POSTED: Wednesday, July 13, 2011 - 6:26pm
UPDATED: Friday, July 15, 2011 - 8:07pm
GALVEZ, La (NBC33) — History has always been a fascination for Myrna Arroyo. “It’s just that feeling of being part of something bigger,” she explains. “It kind of just puts your life in context.”
Arroyo is a Baton Rouge attorney, but recently, she’s been able to take her passion to the pits. Dirt pits, that is.
Arroyo took a leisure class with Louisiana archeologist, Rob Mann, where she got to try her hand at digging in the dirt. “I saw it in the paper one day and the ad said, ‘Ever want to be an archeologist?’ and I said, ‘Yes, I do!’”
She enjoyed it so much, that she enrolled as a part-time grad student to continue studying archeology.
“There are stories in all these holes,” she says, gesturing at several one-by-one meter pits in the front yard of an Ascension Parish home.
The area that Arroyo is digging up used to be a Spanish colony called Galveztown. The colonial village was built in 1779 and abandoned, years later, in 1825.
Archeologist and LSU professor, Rob Mann, says several different factors led to that decline, including disease, flooding, and hurricanes. He says many of the people who lived in Galveztown actually moved to another area close by. Spanishtown in Baton Rouge was set aside specifically for refugees from the abandoned colony.
Arroyo is doing her entire thesis on this site. She says Mann was the first to start digging into its rich history, and the more she learned, the more interested she became. She says the people who lived in Galveztown didn’t write their own documents, so there’s not a whole lot of written history about this particular area. She says finding artifacts in the ground will help her piece together what life may have been like for the people who lived there so long ago.
“We can compare them to historical records and see if anything is missing,” she says.
Arroyo and the rest of the group are part of an archeological field class at LSU. The program is six-weeks, giving students hands-on experience. They been getting down and dirty at this site for about a week and a half, braving the elements to find out what life was like during Spanish colonial times.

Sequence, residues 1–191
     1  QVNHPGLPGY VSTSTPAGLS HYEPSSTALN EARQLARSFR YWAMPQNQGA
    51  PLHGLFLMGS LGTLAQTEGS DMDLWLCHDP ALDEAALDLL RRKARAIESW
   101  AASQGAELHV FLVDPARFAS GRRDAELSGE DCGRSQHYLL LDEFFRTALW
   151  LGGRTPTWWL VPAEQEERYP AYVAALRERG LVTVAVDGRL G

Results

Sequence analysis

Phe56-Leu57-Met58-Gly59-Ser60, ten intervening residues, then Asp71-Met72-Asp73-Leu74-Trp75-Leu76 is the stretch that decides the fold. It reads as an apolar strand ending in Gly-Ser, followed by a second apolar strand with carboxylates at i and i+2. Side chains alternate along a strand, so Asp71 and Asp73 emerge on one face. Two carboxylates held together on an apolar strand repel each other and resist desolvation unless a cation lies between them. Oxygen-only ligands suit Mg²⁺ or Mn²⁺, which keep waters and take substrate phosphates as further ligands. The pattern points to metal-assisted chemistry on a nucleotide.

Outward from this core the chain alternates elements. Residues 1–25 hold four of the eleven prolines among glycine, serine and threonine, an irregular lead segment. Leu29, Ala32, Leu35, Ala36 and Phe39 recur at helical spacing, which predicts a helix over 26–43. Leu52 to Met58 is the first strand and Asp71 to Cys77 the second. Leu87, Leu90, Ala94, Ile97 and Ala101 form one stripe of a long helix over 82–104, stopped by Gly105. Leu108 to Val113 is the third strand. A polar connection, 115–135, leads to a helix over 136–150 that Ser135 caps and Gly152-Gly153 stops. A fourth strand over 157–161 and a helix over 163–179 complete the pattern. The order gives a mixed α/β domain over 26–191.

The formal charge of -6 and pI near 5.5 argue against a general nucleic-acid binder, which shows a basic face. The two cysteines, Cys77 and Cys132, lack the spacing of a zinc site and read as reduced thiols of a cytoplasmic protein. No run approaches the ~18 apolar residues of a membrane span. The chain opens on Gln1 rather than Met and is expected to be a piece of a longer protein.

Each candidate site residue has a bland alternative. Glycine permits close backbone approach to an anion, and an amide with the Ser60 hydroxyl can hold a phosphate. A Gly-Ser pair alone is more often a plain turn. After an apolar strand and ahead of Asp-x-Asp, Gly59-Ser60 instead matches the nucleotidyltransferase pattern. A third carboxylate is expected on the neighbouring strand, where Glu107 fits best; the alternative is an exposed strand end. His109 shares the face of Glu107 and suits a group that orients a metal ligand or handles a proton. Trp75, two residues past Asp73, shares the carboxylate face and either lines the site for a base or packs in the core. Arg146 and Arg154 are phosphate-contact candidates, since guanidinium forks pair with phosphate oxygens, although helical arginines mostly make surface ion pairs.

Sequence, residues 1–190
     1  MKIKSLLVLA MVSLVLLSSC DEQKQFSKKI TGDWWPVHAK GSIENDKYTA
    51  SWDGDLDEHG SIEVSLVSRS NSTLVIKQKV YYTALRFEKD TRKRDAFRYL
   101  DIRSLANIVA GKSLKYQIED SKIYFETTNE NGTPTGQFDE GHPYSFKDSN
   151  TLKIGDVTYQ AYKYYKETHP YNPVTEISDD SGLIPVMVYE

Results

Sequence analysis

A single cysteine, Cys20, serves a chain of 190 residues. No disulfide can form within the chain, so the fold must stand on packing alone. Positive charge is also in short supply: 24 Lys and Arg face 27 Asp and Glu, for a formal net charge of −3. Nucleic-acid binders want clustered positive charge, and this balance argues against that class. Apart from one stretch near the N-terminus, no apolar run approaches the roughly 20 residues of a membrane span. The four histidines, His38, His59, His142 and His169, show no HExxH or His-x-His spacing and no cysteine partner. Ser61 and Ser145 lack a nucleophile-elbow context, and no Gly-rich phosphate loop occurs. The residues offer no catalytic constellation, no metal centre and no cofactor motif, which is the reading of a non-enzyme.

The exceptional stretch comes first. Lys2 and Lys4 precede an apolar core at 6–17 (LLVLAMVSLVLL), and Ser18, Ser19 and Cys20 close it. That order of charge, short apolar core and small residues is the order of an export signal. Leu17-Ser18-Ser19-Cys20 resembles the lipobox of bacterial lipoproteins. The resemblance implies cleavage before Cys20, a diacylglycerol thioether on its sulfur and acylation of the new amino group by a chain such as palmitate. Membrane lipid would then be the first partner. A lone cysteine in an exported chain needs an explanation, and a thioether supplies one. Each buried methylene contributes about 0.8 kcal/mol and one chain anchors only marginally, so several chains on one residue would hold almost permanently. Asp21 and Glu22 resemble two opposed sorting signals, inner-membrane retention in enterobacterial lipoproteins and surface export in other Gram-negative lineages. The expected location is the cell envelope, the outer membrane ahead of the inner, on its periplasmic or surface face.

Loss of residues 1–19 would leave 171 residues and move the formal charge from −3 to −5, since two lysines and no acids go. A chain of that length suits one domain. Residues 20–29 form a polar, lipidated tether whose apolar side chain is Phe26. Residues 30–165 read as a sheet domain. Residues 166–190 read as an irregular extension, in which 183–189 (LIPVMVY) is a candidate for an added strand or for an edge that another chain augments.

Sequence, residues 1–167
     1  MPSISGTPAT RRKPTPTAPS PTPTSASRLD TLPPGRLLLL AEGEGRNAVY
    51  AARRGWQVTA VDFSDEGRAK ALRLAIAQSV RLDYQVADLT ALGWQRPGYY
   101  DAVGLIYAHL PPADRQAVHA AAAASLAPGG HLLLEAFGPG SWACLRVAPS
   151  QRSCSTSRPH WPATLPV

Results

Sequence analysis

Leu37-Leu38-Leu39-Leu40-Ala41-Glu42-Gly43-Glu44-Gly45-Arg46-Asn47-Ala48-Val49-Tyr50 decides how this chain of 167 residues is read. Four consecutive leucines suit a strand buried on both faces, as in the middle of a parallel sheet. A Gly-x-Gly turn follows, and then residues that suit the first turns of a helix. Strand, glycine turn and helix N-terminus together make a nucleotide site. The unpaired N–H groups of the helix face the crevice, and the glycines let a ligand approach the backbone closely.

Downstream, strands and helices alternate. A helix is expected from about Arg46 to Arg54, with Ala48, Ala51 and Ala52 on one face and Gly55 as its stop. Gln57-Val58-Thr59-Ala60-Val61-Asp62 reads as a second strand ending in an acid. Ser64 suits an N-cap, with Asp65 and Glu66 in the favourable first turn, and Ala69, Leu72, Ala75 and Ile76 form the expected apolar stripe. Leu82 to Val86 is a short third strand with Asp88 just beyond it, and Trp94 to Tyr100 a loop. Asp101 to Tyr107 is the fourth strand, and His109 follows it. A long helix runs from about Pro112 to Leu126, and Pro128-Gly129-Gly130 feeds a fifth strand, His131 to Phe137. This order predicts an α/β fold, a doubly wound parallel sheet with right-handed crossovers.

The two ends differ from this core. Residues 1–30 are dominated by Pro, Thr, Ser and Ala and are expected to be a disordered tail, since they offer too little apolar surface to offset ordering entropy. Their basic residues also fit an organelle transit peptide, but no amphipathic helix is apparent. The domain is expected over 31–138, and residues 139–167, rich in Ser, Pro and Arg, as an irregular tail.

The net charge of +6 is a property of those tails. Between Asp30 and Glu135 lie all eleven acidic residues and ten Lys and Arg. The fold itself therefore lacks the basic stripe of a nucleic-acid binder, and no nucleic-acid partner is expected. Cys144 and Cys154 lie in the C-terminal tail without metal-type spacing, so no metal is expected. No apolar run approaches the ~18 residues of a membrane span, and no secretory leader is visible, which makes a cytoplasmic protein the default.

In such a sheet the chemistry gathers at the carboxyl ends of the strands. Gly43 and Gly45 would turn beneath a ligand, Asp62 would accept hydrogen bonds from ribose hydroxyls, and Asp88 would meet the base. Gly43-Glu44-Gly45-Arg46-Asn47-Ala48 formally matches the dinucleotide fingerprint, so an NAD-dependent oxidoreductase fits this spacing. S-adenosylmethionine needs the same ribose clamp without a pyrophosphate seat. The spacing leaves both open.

“It’s very hot. It’s very sweaty, and yes, we have ants, but that’s okay,” says aspiring archeologist Barry Arceneaux “We can deal with that because the payoff is really cool. I really feel like I’m doing what I should be doing.”
Already the group has found a variety of artifacts; everything from clay pots and plates to bottles, bricks, and beads.
“A lot of the stuff that we're pulling out is basically stuff that they discarded. It wasn't really things they wanted to keep. Its garbage, broken glass and whatnot,” says Arceneaux. “I'm sure if they were here they might laugh at us, like ‘What are you doing man? I just threw that away.’”
“You never know what the next shovel of dirt is going to hold,” says Mann.
Students say they were surprised to find out that dig sites, like Galveztown, existed so close to their homes. “People think of archaeology as far off lands and things they'll never see, but we're finding stuff all over,” says Arceneaux.
For these students, it’s exciting. And they’re grateful for the chance to piece together a whole new world, just inches below the surface.
“It’s not just about you. It’s about all the people before you who walked on this floor, on this dirt,” says Arroyo.